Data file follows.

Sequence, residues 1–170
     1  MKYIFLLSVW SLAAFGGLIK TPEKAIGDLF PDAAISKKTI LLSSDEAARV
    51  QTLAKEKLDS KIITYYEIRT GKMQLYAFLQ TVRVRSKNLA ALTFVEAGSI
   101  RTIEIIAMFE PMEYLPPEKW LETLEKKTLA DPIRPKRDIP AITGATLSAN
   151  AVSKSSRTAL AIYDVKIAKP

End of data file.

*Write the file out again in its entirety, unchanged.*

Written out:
Sequence, residues 1–170
     1  MKYIFLLSVW SLAAFGGLIK TPEKAIGDLF PDAAISKKTI LLSSDEAARV
    51  QTLAKEKLDS KIITYYEIRT GKMQLYAFLQ TVRVRSKNLA ALTFVEAGSI
   101  RTIEIIAMFE PMEYLPPEKW LETLEKKTLA DPIRPKRDIP AITGATLSAN
   151  AVSKSSRTAL AIYDVKIAKP